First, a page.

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The health care reform law severely restricts the ability of group health plans to impose annual dollar limits on benefits. Surprisingly, the new restriction applies to some health reimbursement arrangements (HRAs), even though virtually all HRAs have annual limits. Specifically, the new restriction applies to a "stand alone" HRA unless the HRA secures a waiver from the Department of Health and Human Services (HHS). The waiver application must be filed no later than 30 days before the start of the first plan year for which the new rules apply, so the application deadline for a calendar year plan is December 1, 2010. An HRA that is integrated with another health plan - such as a high deductible insured plan - is exempt from the new restriction and can continue to limit annual reimbursements.

The New Restriction on Annual Limits

The new health care reform law severely restricts the use of annual dollar limits on benefits paid by group health plans. Effective for plan years beginning on or after September 23, 2010, a group health plan - even if it is a grandfathered plan - can impose only “restricted annual limits” on benefits that are "essential health benefits." (See below for the meaning of this term). For example, annual limits on the dollar value of essential health benefits cannot be lower than $750,000 for the first plan year beginning on or after September 23, 2010. No annual limits on essential health benefits will be permitted for plan years beginning on or after January 1, 2014.

Effect on HRAs

Accordingly to regulations issued in June, a health reimbursement arrangement (HRA) is a group health plan that is subject to the new restriction on annual limits. It isn't clear whether Congress intended to subject any HRAs - almost all of which impose annual limits on reimbursable expenses - to this new rule, and, in fact, the HHS has asked for comments on the application of these limits to HRAs. 

"Integrated" HRAs Not Affected: The regulations issued in June 2010 provide that if an HRA is integrated with "other (health) coverage" that complies with the new rules on limits, the fact that HRA benefits are themselves limited will not violate the new rule. Thus, if an HRA is integrated with a high deductible or other health insurance arrangement, the annual limit under the HRA will not violate the law. It isn't clear what it means for an HRA to be "integrated" with an insurance arrangement, but if employees more...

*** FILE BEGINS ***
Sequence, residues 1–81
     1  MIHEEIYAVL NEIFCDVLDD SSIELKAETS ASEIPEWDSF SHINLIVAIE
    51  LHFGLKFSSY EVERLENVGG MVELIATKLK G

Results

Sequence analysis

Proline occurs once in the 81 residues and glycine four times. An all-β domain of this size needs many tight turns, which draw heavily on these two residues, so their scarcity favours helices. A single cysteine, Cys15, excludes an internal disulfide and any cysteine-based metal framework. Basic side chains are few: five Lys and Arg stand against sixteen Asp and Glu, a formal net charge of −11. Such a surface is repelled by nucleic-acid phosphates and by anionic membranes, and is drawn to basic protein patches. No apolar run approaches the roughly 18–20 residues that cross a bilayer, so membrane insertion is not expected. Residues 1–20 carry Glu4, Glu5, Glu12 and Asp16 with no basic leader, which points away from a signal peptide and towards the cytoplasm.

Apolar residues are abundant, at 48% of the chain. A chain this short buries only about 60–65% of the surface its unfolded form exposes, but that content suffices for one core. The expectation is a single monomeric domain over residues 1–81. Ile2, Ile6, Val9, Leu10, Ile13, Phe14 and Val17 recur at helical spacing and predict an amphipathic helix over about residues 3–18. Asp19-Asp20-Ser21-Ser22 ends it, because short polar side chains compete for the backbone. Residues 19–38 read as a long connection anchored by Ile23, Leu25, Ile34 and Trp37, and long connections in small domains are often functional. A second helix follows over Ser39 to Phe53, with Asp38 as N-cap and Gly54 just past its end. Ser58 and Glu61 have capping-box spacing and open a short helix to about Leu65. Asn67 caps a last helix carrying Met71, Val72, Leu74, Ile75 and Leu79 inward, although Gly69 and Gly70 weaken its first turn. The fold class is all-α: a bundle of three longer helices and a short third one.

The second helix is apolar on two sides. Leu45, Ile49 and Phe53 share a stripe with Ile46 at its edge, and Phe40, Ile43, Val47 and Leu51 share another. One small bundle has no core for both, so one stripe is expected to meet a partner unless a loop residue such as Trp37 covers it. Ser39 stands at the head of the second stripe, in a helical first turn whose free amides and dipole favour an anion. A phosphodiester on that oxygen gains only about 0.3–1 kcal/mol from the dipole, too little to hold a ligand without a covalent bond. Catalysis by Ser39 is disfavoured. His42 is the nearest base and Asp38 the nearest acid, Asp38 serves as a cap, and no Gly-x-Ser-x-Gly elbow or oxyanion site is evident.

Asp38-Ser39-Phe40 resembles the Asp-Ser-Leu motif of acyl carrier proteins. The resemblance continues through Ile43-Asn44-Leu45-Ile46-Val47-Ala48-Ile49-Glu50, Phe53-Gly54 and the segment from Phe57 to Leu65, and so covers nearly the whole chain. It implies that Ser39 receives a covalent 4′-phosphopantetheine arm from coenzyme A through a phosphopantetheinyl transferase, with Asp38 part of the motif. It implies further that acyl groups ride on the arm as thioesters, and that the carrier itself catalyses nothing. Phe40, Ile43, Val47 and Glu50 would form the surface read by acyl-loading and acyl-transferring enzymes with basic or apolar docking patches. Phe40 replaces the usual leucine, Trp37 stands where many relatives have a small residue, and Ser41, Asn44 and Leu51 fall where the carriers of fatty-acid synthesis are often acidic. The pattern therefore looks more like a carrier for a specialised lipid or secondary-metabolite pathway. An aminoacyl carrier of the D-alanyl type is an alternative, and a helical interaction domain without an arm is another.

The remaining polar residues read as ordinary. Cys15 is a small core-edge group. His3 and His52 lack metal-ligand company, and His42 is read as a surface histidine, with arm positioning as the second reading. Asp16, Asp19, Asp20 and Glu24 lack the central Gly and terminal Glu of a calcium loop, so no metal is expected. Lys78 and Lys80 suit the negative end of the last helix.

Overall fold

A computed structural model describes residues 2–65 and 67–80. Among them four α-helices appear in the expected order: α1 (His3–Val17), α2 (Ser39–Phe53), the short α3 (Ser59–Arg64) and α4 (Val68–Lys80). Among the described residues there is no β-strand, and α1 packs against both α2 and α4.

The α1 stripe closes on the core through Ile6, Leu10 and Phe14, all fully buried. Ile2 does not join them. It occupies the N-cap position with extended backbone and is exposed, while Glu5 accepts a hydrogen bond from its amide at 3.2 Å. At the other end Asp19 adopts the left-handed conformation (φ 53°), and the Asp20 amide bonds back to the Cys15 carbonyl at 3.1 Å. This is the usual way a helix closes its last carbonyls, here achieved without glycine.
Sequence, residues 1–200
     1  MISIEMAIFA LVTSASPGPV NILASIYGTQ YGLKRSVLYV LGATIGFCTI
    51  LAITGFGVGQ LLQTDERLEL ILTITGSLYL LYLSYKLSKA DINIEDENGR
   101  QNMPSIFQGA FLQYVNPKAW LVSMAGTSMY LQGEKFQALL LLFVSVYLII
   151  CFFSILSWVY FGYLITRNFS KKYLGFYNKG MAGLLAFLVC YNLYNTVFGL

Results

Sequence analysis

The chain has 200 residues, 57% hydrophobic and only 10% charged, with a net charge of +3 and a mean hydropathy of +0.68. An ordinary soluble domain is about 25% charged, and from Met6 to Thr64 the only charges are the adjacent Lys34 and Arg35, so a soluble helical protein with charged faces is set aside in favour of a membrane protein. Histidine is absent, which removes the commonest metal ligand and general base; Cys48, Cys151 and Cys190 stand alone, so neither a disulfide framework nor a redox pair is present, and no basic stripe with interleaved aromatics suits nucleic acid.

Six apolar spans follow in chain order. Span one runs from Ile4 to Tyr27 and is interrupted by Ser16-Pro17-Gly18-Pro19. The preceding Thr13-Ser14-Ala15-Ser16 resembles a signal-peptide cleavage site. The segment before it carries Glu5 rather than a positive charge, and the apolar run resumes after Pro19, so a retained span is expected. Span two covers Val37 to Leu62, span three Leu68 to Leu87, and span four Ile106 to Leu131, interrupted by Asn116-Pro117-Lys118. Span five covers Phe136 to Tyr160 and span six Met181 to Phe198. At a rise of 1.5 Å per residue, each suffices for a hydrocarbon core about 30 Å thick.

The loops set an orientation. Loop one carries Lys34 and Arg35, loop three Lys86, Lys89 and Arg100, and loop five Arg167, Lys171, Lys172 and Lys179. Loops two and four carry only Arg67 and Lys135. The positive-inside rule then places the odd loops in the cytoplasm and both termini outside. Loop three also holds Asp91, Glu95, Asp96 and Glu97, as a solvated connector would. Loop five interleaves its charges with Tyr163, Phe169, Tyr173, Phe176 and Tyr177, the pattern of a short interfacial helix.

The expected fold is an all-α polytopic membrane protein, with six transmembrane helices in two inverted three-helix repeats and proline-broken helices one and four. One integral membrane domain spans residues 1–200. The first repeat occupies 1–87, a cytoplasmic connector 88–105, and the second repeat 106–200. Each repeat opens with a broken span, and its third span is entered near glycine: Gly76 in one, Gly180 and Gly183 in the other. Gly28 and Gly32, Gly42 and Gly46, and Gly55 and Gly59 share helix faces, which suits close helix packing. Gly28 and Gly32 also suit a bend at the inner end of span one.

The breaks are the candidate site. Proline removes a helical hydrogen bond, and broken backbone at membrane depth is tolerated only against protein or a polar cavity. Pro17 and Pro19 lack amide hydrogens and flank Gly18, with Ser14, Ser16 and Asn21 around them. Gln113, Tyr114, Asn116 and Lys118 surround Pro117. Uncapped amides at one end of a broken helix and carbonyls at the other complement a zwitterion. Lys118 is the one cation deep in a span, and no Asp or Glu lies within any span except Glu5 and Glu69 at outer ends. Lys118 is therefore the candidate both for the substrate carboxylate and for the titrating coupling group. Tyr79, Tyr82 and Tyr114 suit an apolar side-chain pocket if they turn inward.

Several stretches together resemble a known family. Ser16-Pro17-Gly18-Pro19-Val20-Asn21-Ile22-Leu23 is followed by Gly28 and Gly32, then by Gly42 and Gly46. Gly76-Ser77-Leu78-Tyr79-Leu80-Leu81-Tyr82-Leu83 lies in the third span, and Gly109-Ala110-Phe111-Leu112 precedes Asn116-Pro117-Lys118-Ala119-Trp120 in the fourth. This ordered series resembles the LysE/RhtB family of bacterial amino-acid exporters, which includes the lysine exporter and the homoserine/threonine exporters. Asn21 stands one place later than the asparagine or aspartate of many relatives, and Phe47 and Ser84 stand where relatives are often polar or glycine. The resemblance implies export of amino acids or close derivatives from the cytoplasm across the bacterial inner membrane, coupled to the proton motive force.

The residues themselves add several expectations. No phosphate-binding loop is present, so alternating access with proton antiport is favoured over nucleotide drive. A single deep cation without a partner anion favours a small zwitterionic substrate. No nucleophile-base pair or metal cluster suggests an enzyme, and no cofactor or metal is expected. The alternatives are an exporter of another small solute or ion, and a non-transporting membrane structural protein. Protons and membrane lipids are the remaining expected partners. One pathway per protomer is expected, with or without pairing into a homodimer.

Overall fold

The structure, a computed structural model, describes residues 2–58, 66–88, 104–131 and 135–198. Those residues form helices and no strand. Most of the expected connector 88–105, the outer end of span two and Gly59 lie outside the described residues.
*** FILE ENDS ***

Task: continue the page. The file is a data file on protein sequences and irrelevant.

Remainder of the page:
If you have any questions on any aspect of health care reform, please contact Robert W. Patterson at 716.843.3910 or rpatterson@jaeckle.com, or Michele O. Heffernan at 716.843.3850 or mheffernan@jaeckle.com

This Jaeckle Alert, prepared by the attorneys at Jaeckle Fleischmann & Mugel, LLP, is intended for general information purposes only and should not be considered legal advice or an opinion on specific facts. For more information on these issues, contact one of the attorneys listed above or your existing Firm contact. Prior results do not guarantee a similar outcome. The invitation to contact is not a solicitation for legal work in any jurisdiction in which the contacted attorney is not admitted to practice. Any attorney/client relationship must be confirmed in writing. Copyright 2010 Jaeckle Fleischmann & Mugel LLP, Buffalo NY.   All Rights Reserved